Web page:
The stark need for better policy on housing security

The stark need for better policy on housing security
© Don Emmert/AFP/Getty Images

Under a cloudless summer sky, not far from the Atlantic Ocean, bicycles zip down the street, children sprawl in the few green public spaces, and senior citizens relax on porches. Utika Byrd’s two-bedroom, second-floor apartment blends into this active daytime scene on the south side of Pleasantville, New Jersey. Byrd can afford to live in one of Atlantic County’s most economically depressed neighborhoods in large part because of a housing choice voucher (HCV) — the largest federal housing subsidy program, commonly known as Section 8, which gives low-income people access to the private housing market.

In a time of unprecedented housing insecurity and shrinking affordability, we need to expand access and protections to HCVs for people of color to integrate racially homogenous affluent neighborhoods.

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In May, the House passed a bipartisan funding bill for the departments of Transportation and Housing and Urban Development (HUD) that included $50 million to implement the Housing Voucher Mobility Demonstration Act: $30 million for housing mobility services and $20 million for new vouchers. The House Appropriations Committee’s funding bill report noted that “low-income families, including voucher holders, tend to be concentrated in high-poverty neighborhoods where schools are under-resourced, transportation is limited, and well-paying jobs are scarce. This demonstration will … help families with children seek housing and successfully move to privately-owned units in lower-poverty areas.”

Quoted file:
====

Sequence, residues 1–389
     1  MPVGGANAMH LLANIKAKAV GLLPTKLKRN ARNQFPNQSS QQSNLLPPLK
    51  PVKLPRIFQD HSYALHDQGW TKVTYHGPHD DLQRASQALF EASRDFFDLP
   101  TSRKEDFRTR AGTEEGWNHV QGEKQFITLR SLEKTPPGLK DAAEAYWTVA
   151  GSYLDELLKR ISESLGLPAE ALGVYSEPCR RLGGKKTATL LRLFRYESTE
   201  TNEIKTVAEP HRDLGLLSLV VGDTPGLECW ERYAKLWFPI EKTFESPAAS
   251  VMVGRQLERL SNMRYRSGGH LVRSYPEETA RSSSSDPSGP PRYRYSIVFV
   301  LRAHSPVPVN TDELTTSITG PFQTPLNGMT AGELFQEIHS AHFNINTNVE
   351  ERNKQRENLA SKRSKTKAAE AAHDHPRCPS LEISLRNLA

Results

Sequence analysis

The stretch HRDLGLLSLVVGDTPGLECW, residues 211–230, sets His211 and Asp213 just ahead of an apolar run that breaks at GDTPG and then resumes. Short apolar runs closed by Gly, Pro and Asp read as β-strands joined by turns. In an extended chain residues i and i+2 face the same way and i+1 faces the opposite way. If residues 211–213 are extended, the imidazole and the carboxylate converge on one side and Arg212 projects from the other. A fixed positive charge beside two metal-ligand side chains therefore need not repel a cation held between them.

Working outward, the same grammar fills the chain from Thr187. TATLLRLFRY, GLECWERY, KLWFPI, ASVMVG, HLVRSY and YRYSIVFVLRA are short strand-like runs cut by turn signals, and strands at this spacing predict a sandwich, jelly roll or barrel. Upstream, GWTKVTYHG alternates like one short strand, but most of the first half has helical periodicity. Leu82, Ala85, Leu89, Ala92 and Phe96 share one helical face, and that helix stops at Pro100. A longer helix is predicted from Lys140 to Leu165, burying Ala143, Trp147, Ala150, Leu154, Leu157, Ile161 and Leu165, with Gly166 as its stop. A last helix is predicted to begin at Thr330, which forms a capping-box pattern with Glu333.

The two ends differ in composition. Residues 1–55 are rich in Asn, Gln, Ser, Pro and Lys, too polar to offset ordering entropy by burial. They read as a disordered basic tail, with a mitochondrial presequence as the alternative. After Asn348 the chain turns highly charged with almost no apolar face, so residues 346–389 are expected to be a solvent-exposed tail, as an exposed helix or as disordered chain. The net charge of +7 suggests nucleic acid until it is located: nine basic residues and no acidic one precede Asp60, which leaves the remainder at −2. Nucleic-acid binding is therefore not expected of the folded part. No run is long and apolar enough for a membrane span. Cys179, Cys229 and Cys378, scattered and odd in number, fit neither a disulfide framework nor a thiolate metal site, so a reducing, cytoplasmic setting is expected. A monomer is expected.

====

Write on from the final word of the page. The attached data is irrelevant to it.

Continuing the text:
Housing vouchers shield more than 2 million families from hemorrhaging more than half their income for shelter and mitigate some of the social anxiety induced by crime-ridden streets, underfunded public schools and limited access to life-sustaining jobs.

However, unaddressed landlord discrimination and unequal access to reliable transportation constrain a person’s housing decisions even with a mobility voucher. Some landlords try to set qualifications that disqualify a person from renting, such as not having enough income. Though no one tracks national statistics on voucher discrimination, participants in Washington, D.C., experienced housing discrimination at least 28 percent of the time despite more than a decade of education and advocacy.